I think most of us spend a lot of time pretending to be something we're not, but these clouds do such a beautiful job of it. Makes me want to be a cloud.
We did it. We moved from our cabin in the Coulter pine, canyon oak, scrub oak chaparral country outside Lake Hughes, California to a bit of juniper, manzanita, scrub oak chaparral outside Prescott, Arizona. It’s similar, but different.
You’d think going from a tiny one-bedroom home, where we slept in a Murphy bed in the living room to keep warm by the woodstove, to this comparative castle would be a cinch, both logistically and emotionally.
Not so. The junk transport required three U-Haul trucks, two of them with car trailers in tow, and several carloads of boxes and bags.
Most of our ‘treasures’ came not from the house itself, but from a storage unit full of keepsakes; a garage stuffed with tools, a tractor and multiple unfinished car projects; and from my husband’s extensive office library at work. Yeah, we filled the place right up.
Surprisingly—or maybe not so much—the tangible things have not been as troublesome as the emotional baggage we carry.
We loved that crap shack through fourteen years of fire and flood; rattlesnakes, gnats, mice, and ants; brush clearance in summer and diligent feeding of the woodstove in winter. (That woodstove gave off the most glorious heat, though it didn’t come easy.)
What I loved most were the critters who kept me company as I worked from home in my tiny office area by the window, there under our big old oak tree. The hummingbirds, quail, lizards, gopher snakes, and scrub jays. A rare bobcat or fox. Coyotes, hawks, owls and bats, I loved them all.
And back when it used to rain, that delicious damp dirt smell, and the sound of the trickling stream, and how the post-storm light brought out a thousand shades of green.
My husband and I thought we’d never leave our combination Hell hole/paradise. We never wanted to, but LA County permits and California taxes drove us out.
The critters here in Arizona are again my favorite.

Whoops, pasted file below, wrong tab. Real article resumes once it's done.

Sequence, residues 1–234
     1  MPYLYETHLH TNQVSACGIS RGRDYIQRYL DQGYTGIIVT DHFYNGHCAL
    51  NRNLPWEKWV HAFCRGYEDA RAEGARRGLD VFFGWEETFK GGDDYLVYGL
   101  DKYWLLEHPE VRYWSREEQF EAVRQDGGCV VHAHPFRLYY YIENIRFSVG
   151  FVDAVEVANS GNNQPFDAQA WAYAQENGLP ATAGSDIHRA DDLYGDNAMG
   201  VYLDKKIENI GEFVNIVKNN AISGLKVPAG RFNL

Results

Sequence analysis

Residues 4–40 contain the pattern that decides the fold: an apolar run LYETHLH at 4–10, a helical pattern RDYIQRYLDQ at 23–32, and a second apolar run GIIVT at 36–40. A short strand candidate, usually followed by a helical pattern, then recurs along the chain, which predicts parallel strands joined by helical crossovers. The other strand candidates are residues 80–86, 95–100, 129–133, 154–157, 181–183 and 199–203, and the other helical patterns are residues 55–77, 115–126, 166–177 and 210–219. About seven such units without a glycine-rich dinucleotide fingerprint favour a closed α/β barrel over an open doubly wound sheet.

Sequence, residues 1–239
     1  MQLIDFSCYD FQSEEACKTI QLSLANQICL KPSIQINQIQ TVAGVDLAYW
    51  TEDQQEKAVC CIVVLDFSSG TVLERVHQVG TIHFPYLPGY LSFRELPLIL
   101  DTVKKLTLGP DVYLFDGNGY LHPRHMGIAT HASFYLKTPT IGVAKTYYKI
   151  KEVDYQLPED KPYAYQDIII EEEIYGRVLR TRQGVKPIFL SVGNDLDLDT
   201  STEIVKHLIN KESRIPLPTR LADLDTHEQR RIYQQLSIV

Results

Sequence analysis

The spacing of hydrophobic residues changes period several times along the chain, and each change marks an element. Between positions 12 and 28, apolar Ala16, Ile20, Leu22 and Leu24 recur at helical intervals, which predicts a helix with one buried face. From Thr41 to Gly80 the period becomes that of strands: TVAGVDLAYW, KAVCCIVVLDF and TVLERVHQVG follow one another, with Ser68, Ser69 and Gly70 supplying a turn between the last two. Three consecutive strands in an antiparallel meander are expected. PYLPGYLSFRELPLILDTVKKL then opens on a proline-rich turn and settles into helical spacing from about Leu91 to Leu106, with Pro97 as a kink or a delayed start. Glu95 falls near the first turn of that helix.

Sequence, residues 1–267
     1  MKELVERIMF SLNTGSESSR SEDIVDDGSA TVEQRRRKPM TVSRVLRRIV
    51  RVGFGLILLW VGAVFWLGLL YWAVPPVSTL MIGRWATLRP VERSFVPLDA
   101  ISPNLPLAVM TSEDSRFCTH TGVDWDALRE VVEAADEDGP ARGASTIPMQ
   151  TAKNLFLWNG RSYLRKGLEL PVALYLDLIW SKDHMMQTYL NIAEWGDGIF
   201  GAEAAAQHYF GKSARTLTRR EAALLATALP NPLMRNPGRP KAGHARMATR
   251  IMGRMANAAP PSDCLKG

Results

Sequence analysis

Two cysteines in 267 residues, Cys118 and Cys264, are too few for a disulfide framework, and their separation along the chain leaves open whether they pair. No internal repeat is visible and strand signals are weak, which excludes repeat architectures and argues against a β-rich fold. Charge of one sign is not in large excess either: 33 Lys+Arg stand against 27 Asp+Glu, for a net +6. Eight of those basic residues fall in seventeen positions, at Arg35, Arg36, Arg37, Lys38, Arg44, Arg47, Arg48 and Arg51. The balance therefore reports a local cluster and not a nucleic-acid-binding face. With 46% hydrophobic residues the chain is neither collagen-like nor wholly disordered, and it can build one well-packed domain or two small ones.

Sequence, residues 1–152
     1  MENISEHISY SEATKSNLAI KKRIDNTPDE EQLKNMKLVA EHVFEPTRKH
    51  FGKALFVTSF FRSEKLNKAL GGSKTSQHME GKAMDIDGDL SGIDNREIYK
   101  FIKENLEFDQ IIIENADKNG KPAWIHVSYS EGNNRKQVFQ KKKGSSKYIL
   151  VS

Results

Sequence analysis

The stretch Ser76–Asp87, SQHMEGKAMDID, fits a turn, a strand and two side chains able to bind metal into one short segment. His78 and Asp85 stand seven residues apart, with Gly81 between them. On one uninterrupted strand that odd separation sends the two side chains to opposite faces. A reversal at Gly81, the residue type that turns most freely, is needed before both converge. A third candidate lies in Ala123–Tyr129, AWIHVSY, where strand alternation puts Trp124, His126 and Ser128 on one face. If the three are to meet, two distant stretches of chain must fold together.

Since settling in we’ve seen wildlife galore, from the lowly Hercules beetle, through hummingbirds, quail, coyotes, javalina, bobcats and foxes, all the way up (in size, not importance) to mule deer and curious cattle.
I’m told we have elk and even mountain lions, though I still look forward to spotting these.
If the last few months are any indication, this will be a grand adventure. My hope is to find time to share photos and stories about my new neighbors--the animals, plants, rainbows and sunsets here in my new digs.
I hope folks stop by my blog to see, but if they don't, this'll make a nice record for my reminiscence in years to come.
If you do stop by, please leave a note so I know you’re out there!
I expected retiring from my software development job at IBM a little over a year ago would provide a sudden flood of free time. As much as I craved free time—I could finally finish that novel—It scared me!
I had nightmares of doing nothing but lazing about in front of the TV binging on peanut butter cups and slowly swelling into a rotund and purposeless slug-woman.
So, I immediately volunteered at CALM (CA Living Museum) in Bakersfield as both a Docent and a Wildlife Rehabilitation assistant.
That doesn’t seem like such a huge commitment until you factor in the hour and a half drive each way, and a bit of at-home prep work most weeks. FYI—The bighorn sheep, goats, pony, donkey and pig all enjoy carrots slices and apple chunks frozen into ice blocks on a hot Bakersfield day.
Volunteering at CALM has been every bit as educational and fun as I expected. I’d planned to write about it regularly on this blog, but in our first training class we were warned against oversharing on social media. So I’ll just say—CALM is awesome. Check it out.
Rehabilitating injured animals was my original goal, but it turns out being a docent is double-awesome. I knew I’d enjoy getting up-close and personal with the critters, but I never expected to enjoy the people as much as I have.
Watching kids’ (or adults’) eyes light up when they see a hawk or owl or tarantula or tortoise up close for the first time is priceless. Showing them the decorator crabs, sea cucumbers and abalone in the new California Coast Room and talking “tide pool” is one of my greatest joys!